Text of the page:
The Hanging Gardens of Bangladesh

Across the vast low-lying plains of Bangladesh, millions of families farm tiny patches of rich alluvial soil. Emerald fields may stretch as far as the eye can see, but not all of the land is good, and not all of the yield is sufficient. In the coastal areas, where families earn a living from fishing, many struggle to grow any food at all.

The poorest people often live on the poorest land, and many still struggle to feed their families. Faith in Action and BASD are two of TEAR’s partners helping families on marginal land find their own unique ways to grow food.

TEAR’s partner BASD supports communities in the town of Mongla – where many live right on the river and are vulnerable to tidal surges and storms, which inundate their land with salty water. This makes the soil unproductive, and families have had to buy vegetables from the market. Often, their daily labouring wages were not enough to feed their families.

BASD have formed Self-Help Groups in the communities, and run kitchen garden training, including the introduction of “hanging gardens”. One woman who attended was a member of the Asha Alo Saving Group. She was so excited about what she learnt, she taught the other women this new way to grow their own food.

Jacinta Holder in her productive vegetable garden.

Jacinta Holder in her productive vegetable garden. "I feel very pleased every day. Morning and evening I'm coming to the garden" she says. Photo: Kelly Rae

They found old rice sacks, filled them with good soil, planted veggies in the sacks and fixed a hanger to the top. Now, when the surge comes, they hang the sacks from a tree or the roof, keeping them clear of the salty water. When it subsides, they bring them down again. Simple!

Their vegetables now come from their hanging gardens, producing long beans, cucumber, okra, gourd and hot chilli. The technique not only saves them money, it also makes money, as they’ve each been able to sell a little at market.

Pervin commented on the group’s future: “We think it will be shundur (beautiful). We’ll try our best. (We hope) our group will run without needing assistance from BASD, and it will not break.”

Up the river, the Masmara Self-Help Group and their neighbours faced the same problem. Together they raised their voices and lobbied their local government representative to address the challenge.

The government responded to their pleas and provided new soil that has raised the land and reduced their vulnerability to tidal inundation. This has been a major win for the group and has boosted their confidence tremendously. The new soil also significantly improves their capacity to grow food.

Jacinta Holder, a mother of two girls, has turned her new land into a productive garden through the use of vermi-compost. She grows okra, jute, beans, stem amaranth and cucumber, and has made a small profit. “Sometimes we are depending on savings, so we use the income for our family,” she says.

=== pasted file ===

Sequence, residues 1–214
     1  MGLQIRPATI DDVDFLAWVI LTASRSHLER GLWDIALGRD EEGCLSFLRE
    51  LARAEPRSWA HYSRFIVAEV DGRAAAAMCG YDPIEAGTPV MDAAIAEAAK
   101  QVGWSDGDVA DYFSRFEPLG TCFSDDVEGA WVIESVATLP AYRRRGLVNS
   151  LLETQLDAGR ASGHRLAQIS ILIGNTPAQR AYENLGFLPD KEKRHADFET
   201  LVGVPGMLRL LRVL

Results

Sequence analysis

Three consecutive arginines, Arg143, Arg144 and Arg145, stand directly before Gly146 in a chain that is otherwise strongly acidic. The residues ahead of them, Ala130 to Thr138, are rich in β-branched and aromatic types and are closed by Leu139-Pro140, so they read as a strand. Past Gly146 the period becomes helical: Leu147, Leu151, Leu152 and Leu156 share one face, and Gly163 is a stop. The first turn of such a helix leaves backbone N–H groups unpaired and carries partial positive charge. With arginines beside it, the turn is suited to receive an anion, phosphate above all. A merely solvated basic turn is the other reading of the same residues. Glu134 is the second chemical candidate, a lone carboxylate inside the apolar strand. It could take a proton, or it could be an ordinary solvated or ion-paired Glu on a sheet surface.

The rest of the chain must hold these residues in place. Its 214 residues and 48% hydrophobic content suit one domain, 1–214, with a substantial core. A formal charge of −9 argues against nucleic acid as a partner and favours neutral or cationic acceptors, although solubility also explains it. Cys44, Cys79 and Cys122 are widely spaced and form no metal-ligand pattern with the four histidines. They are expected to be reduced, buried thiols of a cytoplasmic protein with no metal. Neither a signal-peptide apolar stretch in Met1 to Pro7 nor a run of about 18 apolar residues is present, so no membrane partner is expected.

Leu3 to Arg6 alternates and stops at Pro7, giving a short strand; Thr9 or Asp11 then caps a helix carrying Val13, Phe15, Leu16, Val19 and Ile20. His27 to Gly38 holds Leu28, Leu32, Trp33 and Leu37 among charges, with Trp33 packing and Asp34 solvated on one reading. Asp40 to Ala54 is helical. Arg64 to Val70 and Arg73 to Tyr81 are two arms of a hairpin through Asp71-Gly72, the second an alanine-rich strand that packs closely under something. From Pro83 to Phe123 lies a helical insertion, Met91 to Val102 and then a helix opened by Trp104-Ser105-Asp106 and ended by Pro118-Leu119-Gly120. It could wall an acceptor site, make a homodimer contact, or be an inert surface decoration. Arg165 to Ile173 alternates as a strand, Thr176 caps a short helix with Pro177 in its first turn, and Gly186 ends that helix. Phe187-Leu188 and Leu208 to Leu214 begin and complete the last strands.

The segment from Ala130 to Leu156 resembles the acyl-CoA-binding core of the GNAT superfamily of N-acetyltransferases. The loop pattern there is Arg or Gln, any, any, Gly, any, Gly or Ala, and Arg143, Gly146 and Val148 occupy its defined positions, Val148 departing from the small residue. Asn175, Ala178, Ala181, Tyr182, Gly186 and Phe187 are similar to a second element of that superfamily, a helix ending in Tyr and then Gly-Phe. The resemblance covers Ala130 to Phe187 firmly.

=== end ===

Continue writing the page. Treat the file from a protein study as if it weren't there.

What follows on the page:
In a more rural setting, TEAR’s partner Faith in Action is helping village families improve their food security in Magura. FIA run perma-culture and compost-making workshops for families who can’t afford costly agricultural inputs. As part of the training to improve production, they also teach the nutritional application of common plants and vegetables.

With more than 600 women attending the training each year, they find that 90% of participants go on to reduce household grocery bills, improve family nutrition and reduce the incidence of common disease.

The training inspired Rekha Begum and her husband Azad Shek to start their own garden, even though they don’t have any land. In front of their house is a tiny space, just enough to grow veggies, and house ducks and chickens. The sale of eggs has enabled them to send their daughters to school regularly for the first time. She says: “Faith in Action gave me new hope and a dream. I am looking forward to buying a cow and a piece of land. I want my family to be happy. I am concerned for the needs of my fellow group members.”

About our partners

BASD is the Bangladesh Association for Sustainable Development (BASD) – a Christian organisation passionate about combating human suffering, poverty alleviation and development justice, while following Jesus’ teachings and values.

Faith in Action is also a Christian organisation, focusing on providing holistic and sustainable community development ensuring life in fullness for the individual and the community.

Photos and project report by Kelly Rae. Story by Dominique Emery. Kelly Rae is the South Asia Regional Team Leader with TEAR Australia; Dominique Emery is a Communications Officer with TEAR Australia.

The Hanging Gardens of Bangladesh

Women like Daw Pauk Sa have benefited from being part of community development programs.

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